Backpack,  Hike-Backpack

Traveling to the last Sharangi-La : Bhutan

In the summers of 2015, I get the chance to escape to the beautifully secluded Buddhist nation of Bhutan. There was no particular reason for the trip, as I just wanted to visit a country out of my comfort zone so I started with the closest one, India’s neighbor, Bhutan.

It took me a week to research for the trip, to chalk out the routs, the destinations, the monasteries I can cover, and of course the accommodation. But after a week of research, I though of not using any of the notes I have made and traveling on the hunch. As a travel junkie, I was kind of obsessed with visiting Bhutan since I had visited Himanchal and monasteries in lower Himalayas. I entered Bhutan through Phuentsholing, a border town which connects Bhutan to India.

How you can reach Phuentsholing? And where you should Stay?
By Train– Closest station to Phuentsholing: Hasimara:
The most preferred route to reach the border town is to reach the Hasimara by train. And then take a taxi or bus which are very frequent. Hasimara can be reached from Kolkata as well as Patna. As the Indo-Bhutan Border is just 17 Kms away from this town, you can reach Jaigoan (Indian town which shares border with Phuentsholing-the town on Bhutan’s side) in half an hour.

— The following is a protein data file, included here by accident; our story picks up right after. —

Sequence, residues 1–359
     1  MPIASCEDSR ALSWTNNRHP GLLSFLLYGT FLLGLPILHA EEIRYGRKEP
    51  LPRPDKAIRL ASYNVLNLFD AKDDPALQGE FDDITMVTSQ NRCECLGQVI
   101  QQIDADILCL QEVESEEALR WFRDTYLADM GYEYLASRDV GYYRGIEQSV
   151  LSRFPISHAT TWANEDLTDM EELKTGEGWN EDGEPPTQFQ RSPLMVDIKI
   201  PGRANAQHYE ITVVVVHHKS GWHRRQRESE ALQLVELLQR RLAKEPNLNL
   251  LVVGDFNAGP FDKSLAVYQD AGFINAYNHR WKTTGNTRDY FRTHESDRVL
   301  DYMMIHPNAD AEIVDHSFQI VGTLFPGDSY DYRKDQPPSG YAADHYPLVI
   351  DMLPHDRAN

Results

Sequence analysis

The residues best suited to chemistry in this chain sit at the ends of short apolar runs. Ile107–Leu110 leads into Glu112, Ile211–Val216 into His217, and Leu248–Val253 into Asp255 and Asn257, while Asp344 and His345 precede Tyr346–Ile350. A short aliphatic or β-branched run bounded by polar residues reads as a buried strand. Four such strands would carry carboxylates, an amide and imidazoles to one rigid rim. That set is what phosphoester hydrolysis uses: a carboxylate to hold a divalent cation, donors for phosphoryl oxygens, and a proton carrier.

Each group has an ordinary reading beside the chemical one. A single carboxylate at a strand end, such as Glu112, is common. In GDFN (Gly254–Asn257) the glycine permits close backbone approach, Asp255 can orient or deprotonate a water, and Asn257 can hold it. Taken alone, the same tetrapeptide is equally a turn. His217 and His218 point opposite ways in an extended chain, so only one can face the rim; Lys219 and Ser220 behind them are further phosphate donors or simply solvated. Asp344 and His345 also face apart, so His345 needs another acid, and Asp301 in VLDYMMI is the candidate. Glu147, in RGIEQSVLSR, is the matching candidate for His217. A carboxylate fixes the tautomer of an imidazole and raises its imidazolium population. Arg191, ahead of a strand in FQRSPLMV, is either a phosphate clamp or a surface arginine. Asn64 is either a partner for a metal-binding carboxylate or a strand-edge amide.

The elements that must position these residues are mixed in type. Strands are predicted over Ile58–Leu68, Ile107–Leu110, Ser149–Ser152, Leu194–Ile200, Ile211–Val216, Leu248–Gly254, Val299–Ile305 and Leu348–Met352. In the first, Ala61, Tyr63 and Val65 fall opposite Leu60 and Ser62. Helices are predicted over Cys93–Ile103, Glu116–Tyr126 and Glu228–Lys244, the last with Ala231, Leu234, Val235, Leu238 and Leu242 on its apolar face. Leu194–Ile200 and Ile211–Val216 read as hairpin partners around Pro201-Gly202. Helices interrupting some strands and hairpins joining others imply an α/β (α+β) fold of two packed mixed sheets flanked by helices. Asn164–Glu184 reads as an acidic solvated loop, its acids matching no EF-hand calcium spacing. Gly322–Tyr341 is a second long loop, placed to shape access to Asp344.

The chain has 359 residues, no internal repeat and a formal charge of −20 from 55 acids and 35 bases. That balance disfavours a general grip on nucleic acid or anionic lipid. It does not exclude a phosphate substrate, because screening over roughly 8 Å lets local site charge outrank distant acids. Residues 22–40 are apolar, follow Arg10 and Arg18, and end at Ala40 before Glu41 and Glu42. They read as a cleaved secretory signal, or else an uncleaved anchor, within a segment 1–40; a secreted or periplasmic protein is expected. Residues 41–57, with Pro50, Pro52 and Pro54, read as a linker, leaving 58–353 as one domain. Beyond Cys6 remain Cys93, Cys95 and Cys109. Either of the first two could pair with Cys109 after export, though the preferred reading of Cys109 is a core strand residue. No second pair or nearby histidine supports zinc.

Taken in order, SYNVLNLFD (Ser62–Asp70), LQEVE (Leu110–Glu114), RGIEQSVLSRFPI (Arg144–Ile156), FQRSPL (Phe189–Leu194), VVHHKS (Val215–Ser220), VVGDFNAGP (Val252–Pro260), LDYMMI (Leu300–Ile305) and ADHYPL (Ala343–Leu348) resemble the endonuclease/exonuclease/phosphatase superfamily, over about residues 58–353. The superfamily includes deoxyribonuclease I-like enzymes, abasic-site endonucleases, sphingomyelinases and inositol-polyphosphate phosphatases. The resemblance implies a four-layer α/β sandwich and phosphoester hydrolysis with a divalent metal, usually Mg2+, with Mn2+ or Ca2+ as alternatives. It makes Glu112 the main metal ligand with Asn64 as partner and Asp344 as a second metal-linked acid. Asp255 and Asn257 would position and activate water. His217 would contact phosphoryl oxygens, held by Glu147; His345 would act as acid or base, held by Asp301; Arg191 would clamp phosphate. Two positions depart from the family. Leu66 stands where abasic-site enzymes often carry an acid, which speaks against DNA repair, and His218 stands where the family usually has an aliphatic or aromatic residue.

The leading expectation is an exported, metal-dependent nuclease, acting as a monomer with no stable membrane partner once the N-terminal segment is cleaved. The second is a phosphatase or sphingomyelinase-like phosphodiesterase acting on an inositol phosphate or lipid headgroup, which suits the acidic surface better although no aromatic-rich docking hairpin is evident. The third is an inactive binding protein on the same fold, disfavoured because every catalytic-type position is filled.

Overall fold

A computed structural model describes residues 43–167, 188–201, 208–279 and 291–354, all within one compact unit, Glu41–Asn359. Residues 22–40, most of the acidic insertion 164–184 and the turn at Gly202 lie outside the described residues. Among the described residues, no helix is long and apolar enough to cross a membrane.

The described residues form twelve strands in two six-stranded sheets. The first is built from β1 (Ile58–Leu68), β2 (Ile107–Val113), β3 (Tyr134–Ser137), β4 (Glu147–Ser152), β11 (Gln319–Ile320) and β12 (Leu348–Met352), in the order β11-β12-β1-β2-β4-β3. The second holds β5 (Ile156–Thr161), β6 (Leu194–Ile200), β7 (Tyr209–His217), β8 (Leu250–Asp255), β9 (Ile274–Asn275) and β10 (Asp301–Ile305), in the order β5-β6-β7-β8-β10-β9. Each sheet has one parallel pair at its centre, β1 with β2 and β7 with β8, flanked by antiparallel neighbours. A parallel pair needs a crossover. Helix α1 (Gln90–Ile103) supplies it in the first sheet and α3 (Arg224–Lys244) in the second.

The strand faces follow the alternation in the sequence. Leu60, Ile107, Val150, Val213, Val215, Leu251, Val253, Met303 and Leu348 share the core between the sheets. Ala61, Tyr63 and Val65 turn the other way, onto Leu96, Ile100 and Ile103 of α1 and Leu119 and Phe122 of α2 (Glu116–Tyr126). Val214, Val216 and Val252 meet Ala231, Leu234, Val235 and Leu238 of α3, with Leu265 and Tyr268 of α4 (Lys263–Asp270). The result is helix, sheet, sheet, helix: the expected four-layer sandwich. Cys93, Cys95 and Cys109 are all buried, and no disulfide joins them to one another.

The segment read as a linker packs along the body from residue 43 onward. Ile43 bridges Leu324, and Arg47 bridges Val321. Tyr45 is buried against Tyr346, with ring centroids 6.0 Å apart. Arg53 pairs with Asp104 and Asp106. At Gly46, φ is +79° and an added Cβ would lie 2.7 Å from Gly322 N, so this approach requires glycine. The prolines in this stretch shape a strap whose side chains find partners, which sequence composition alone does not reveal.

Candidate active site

By Flight to Bagdogra Airpot(WB)

One can travel from Bagdogra to Jaigaon in approx 4 to 5 hrs. Shared cabs, jeeps and buses are available near Tenzing Norgay Bus Terminal in Siliguri and they charge up to 200 to 300 INR person.
By Bus
If you are traveling from Kolkata, there are buses which take 12-16 hours. Sadly, the buses run only on Tuesday, Thursday, Saturday and cost 653/- INR.
Paro
For me, I traveled to Bhutan via bus from Siliguri, where I traveled through bus again from Begusarai (it’s a district near Patna). So from Phunsholing where I traveled by Bus, I took a shared jeep to Paro Valley which actually take 6-7 hours. The route is incredibly scenic and no words can explain the beauty of this journey. There are cafes and waterfalls on the curves and turns of the road which passes through the clouds romancing with the peaks of Himalayan range.

Tiger’s Nest